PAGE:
If you’re starting a new hobby of tropical fish, then you’re wondering what kind of fish you should get. You may want something a little more advanced than the traditional goldfish that sat on your dresser as a child. The good news is that there is a wide variety of tropical fish today that you can find one that fits your personality and environment.
Let’s see some tips to help you choose the most suitable for your aquarium.
-Now think about this for a moment. Suppose you buy four small angels thinking they are perfect for your tank. They look great until one year later you wake up and realize that they have grown and now they are over 110 mm long. Suddenly, the aquarium that housed them with a lot of space is narrow, and the Angelfish does not seem too healthy. It is important that when choosing a tropical fish not only take into account space they occupy now, but how much they will take as they grow.
-A tip that any good tropical fish fan will give you is to buy your fish from a reputable distributor. Wal-Mart is not the place to buy fish you plan to keep for years. A pet store or an aquatic supply store that takes pride in what they sell will ensure you get quality stock. Any sick fish will be isolated from the rest of the group.
– Like people, different fish have different requirements in what makes a good environment for them. For example, Angelfish tend to favor tall tanks, while Tetras and Danios like space because they tend to school together and love to compete around! A fish like a Labyrinth, as the name implies, as places where they can hide, so be sure to have rocks, plants and other decorations that can also be removed.
When storing the fish in the tank, keep in mind that if you try to add too many, you will get the so-called toxic shock syndrome and risk losing the whole tank. Look for advice if you are not familiar with the amount of fish per gallon you need in your tank or if you are not sure about the space requirements of what you plan to buy. Once again, this is where it helps to go to a store specializing in tropical fish that can give you expert advice.
How to care for tropical fish
As soon as you put the fish in your tank, you should be alert immediately to prevent any disease. It is likely that you are admiring your new aquarium; However, you must make sure that your fish do not have any problems. If you keep an aquarium of tropical fish in your home, you must know how to care for tropical fish.
Knowledge of common diseases that attack tropical fish is essential for all aquarists. The tips below on how to care for tropical fish would be very informative and useful for all aquarium keepers.
Experts advise aquarists to maintain a quarantine tank. There are two important reasons to maintain a quarantine tank: (1) to see if the newly acquired fish has any disease and (2) to isolate the sick fish that is already present in your aquarium.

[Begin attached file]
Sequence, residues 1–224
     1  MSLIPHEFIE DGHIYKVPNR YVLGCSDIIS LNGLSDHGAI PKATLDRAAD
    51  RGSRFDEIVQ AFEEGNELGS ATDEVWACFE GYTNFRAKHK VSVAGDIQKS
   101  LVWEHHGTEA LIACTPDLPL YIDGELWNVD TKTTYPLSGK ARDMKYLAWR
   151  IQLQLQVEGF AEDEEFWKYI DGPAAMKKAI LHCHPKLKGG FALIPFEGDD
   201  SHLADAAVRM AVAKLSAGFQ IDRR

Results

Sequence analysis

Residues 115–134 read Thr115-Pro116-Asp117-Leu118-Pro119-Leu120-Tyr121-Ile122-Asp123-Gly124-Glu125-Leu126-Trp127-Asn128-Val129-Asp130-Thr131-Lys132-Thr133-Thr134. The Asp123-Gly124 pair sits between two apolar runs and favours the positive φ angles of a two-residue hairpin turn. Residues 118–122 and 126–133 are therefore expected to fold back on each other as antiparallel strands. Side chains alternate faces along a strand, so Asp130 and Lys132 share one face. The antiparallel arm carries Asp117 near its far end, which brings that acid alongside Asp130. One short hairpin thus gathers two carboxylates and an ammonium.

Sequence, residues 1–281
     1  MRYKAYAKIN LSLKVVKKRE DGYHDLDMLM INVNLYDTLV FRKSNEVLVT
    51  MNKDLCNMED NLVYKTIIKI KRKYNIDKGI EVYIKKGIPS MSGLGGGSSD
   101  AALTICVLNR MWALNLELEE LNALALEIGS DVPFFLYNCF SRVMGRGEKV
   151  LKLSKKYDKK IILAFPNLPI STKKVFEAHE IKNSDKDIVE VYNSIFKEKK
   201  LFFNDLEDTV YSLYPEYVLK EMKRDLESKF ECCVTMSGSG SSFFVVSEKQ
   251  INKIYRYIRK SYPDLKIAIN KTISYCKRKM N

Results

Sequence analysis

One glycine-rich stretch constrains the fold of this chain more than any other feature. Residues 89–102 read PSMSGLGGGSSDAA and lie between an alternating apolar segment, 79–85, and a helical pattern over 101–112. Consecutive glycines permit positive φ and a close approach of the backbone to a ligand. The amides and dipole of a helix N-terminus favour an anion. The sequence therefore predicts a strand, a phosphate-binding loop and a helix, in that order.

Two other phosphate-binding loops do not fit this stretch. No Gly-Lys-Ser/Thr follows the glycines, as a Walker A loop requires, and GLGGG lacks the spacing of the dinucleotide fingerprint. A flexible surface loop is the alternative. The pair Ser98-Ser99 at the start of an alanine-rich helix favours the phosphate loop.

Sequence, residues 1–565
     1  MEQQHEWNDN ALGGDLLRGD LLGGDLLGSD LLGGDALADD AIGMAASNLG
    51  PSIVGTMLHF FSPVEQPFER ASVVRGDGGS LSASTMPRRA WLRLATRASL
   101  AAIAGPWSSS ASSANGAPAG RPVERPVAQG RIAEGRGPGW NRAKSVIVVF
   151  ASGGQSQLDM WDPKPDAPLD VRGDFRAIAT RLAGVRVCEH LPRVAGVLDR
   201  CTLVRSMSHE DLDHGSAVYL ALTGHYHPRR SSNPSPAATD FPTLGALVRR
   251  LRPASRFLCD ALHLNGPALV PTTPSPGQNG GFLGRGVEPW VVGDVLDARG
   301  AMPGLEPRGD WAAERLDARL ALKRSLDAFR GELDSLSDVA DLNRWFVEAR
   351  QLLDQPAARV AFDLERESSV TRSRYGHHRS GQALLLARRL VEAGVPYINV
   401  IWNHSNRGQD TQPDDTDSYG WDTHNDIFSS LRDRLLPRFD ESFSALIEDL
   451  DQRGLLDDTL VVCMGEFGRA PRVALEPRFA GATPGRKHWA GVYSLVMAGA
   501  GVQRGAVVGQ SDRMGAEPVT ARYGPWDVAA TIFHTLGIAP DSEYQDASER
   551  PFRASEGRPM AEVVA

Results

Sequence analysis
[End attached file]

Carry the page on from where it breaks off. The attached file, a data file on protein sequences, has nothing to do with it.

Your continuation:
Bacterial infections (inflamed red areas) are quite common in tropical fish. They spread quickly to other fish in your aquarium and are fatal, especially if they are not treated. These infections infect the body of the fish first and then spread rapidly to the fins and other appendages, which leads to deterioration of the limbs. The main cause of bacterial infections in tropical fish is poor water quality. The best way to maintain good water quality is to change the water periodically and analyze a sample of water with the veterinarian or the local pet store.
The first symptom of fin rot is when the fin begins to fray or appears to be decomposing. Occasionally, you may find small holes in the fins that begin to form. Also, the base of the fin will commonly turn red, and this will greatly irritate the fish.
The growth of some parasites of fish in your aquarium causes marine ich. The most common signs of marine ichí are cloudy eyes, cysts that develop on the surface of the fish, pale skin and loss of appetite. There is a copper-based solution available at the pet store to prevent the fish from attacking the parasites. Changing the aquarium water and disinfecting the elements in the aquarium will give better results.
The skin of the fish infected with the velvet disease will look as if it had a dark talcum powder spread over it. These spots are small parasites. The scales are the target organ for this disease. Fish affected by velvet disease will probably look lethargic and show less movement than they usually do. You can also observe that fish have trouble breathing. If you notice that the fish are rubbing against the objects in your aquarium, it means that they have a velvet disease. This disease spreads very quickly.